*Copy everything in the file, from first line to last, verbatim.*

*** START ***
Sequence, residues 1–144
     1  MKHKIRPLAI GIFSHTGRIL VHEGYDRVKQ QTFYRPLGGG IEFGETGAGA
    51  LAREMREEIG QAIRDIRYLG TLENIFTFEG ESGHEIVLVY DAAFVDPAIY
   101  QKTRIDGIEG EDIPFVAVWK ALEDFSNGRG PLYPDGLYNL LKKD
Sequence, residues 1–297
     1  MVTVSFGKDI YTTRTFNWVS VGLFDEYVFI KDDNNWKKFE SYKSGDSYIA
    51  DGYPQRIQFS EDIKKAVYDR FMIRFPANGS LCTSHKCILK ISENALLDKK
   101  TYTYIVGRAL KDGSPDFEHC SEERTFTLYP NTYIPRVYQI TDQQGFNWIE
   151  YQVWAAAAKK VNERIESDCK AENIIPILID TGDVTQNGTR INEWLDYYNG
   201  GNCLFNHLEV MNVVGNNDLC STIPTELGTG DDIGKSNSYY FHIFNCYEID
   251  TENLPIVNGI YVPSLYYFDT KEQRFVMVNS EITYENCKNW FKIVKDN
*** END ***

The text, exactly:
Sequence, residues 1–144
     1  MKHKIRPLAI GIFSHTGRIL VHEGYDRVKQ QTFYRPLGGG IEFGETGAGA
    51  LAREMREEIG QAIRDIRYLG TLENIFTFEG ESGHEIVLVY DAAFVDPAIY
   101  QKTRIDGIEG EDIPFVAVWK ALEDFSNGRG PLYPDGLYNL LKKD
Sequence, residues 1–297
     1  MVTVSFGKDI YTTRTFNWVS VGLFDEYVFI KDDNNWKKFE SYKSGDSYIA
    51  DGYPQRIQFS EDIKKAVYDR FMIRFPANGS LCTSHKCILK ISENALLDKK
   101  TYTYIVGRAL KDGSPDFEHC SEERTFTLYP NTYIPRVYQI TDQQGFNWIE
   151  YQVWAAAAKK VNERIESDCK AENIIPILID TGDVTQNGTR INEWLDYYNG
   201  GNCLFNHLEV MNVVGNNDLC STIPTELGTG DDIGKSNSYY FHIFNCYEID
   251  TENLPIVNGI YVPSLYYFDT KEQRFVMVNS EITYENCKNW FKIVKDN